The list is not definitive and any student is more than welcome to come up with their own idea to work on. Initiative is a skill which will rate highly when selecting projects. Feel free to come up with your own projects.

For additional ideas we encourage students to look at Thousand Parsec TODO list.

Project Table of Contents

  • Develop a new client
    • Web based Client
    • Develop a 3D Client (or improve tpclient-pyogre)
    • Develop a MIDP Client for Mobile Phones

  • Improve tpserver-cpp
    • Write a PostgreSQL persistence module for tpserver-cpp
    • Write a SQLlite persistence module for tpserver-cpp

  • Create tools
    • Create a "Ruleset" development Environment
    • Create a Race Designer
    • Improve the metaserver - make it standalone

  • Python Stuff
    • Add testing to libtpproto-py
    • Improve wxWidget's pyAUI

  • Improve the protocol
    • Write a protocol compliance test suite
    • Design and Implement a Research Framework

  • Implement a new Ruleset
    • Implement MTSec prototype ruleset
    • Implement "Reach for the Stars!" Clone
    • Implement "Diplomancy... In Space" Clone

Create a new Client

Thousand Parsec is designed to allow many different clients to connect to the same server and still fully participate. Currently the main client is written in Python. There is also a C++ client for KDE being developed.

We want you to write a new client for Thousand Parsec. This client will service people who are not in a situation to use tpclient-pywx.

These tasks are a reasonable amount of work, depending on which language you choose you may need to improve (or implement from scratch) a protocol library. You will need to be a reasonable coder before you start any of these projects if you hope to succeed.

Web based client

A web based client enables players to join Thousand Parsec games easily from any computer with a web browser and internet connection. This makes web based client the fastest and easiest way to start playing the game.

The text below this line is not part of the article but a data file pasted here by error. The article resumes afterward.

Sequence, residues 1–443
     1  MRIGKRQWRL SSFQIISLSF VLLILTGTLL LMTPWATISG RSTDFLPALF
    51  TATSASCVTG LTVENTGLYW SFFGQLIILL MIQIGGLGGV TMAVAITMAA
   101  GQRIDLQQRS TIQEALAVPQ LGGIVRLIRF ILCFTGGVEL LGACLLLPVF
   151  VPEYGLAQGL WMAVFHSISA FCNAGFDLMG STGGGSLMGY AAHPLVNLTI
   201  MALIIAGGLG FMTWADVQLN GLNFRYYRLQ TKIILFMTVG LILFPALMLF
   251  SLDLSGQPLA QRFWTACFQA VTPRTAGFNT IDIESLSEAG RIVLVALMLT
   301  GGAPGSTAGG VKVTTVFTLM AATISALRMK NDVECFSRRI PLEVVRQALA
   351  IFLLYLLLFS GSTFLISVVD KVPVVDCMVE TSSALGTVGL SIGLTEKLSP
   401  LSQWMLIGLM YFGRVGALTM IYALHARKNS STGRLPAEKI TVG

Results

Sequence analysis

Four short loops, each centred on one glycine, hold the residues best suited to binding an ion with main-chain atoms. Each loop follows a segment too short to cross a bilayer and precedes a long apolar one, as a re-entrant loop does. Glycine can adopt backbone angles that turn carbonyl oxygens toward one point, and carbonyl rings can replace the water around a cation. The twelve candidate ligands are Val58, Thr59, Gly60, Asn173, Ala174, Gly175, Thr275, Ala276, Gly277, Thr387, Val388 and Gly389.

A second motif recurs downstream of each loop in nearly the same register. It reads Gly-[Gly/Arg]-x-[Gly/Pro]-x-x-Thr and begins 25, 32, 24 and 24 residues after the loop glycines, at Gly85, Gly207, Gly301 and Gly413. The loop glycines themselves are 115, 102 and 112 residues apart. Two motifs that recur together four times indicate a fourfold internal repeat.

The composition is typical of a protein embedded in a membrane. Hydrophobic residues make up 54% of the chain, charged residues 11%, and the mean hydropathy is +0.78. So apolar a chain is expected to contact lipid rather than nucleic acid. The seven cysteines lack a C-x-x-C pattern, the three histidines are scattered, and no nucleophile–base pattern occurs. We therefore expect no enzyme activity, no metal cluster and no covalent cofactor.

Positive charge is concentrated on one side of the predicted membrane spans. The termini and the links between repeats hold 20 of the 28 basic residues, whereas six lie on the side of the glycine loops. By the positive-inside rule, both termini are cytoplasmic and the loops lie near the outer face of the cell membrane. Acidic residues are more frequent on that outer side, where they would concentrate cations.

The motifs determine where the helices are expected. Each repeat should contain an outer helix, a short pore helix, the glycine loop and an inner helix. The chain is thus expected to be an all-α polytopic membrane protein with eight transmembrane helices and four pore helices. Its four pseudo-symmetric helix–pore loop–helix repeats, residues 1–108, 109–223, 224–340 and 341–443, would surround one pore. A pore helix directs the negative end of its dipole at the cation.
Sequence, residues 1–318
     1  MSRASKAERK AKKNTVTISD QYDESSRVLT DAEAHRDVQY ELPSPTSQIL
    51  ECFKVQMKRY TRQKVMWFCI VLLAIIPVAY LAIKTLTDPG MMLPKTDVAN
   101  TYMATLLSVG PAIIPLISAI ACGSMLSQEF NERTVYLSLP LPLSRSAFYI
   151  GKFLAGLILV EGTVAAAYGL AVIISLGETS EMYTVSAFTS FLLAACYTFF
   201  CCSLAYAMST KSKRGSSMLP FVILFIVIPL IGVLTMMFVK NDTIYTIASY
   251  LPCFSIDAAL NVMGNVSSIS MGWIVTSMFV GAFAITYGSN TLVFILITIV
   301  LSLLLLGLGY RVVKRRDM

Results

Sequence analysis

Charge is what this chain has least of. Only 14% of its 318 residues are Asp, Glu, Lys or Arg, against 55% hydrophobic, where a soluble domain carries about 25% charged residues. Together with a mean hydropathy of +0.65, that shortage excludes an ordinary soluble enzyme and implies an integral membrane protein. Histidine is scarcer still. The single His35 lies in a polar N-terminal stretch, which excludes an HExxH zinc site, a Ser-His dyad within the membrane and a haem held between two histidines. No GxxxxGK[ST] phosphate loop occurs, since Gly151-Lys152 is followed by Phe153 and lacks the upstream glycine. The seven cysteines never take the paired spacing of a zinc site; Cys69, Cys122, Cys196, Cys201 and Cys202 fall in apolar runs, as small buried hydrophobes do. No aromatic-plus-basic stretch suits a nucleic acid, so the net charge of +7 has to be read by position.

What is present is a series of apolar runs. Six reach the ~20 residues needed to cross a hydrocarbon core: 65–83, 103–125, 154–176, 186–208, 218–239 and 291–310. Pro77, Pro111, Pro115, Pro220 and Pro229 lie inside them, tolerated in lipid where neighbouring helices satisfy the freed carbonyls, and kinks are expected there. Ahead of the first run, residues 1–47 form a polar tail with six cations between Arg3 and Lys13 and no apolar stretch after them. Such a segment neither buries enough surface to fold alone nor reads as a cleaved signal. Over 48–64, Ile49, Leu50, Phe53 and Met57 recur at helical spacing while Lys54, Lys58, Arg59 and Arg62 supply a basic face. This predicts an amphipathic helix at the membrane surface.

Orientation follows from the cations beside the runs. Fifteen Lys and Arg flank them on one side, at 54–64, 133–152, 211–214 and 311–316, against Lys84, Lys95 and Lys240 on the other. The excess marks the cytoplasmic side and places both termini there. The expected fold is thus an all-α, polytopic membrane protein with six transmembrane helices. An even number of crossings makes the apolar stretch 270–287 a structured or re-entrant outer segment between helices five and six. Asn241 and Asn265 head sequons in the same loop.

Any language could be used for the client. Some suggestions are PHP, Python or Ruby. It might be a good idea to use AJAX or something similar.

It is expected that you would produce a client which has the following functionality,

  • Support for displaying the Starmap
  • Support for displaying all information about objects
  • Support for issuing orders
  • Support for creating designs

More Information

libtpproto-php, libtpproto-rb, libtpproto-py

Required Skills

Strong Web development skill.

Develop a 3D Client (or improve tpclient-pyogre)

A cool 3d client for Thousand Parsec is needed. A pyOgre client was started but is in need of quite a bit of love. You could choose to use that as a base or start a new client from scratch.

It is expected that you would produce a client which has the following functionality,

  • Support for displaying the Starmap
  • Support for displaying all information about objects
  • Support for issuing orders
  • Support for creating designs

More Information

pyOgre

Required Skills

Some 3D development skills

Improve tpserver-cpp

tpserver-cpp is one of the main servers in Thousand Parsec. These project ideas deal with improving it in various ways.

You will need some C++ skills before you start any of these projects (but not as much as if you where implementing a ruleset for this server).

Write a PostgreSQL persistence module for tpserver-cpp

Tpserver-cpp (C++ Thousand Parsec server) has an abstract persistence interface that allows different methods of saving the game data. Currently, only a basic MySQL module has been written.

The interface it fairly straight forward, but there is likely to be changes to the interface as the new game features are created and the internal architecture changes.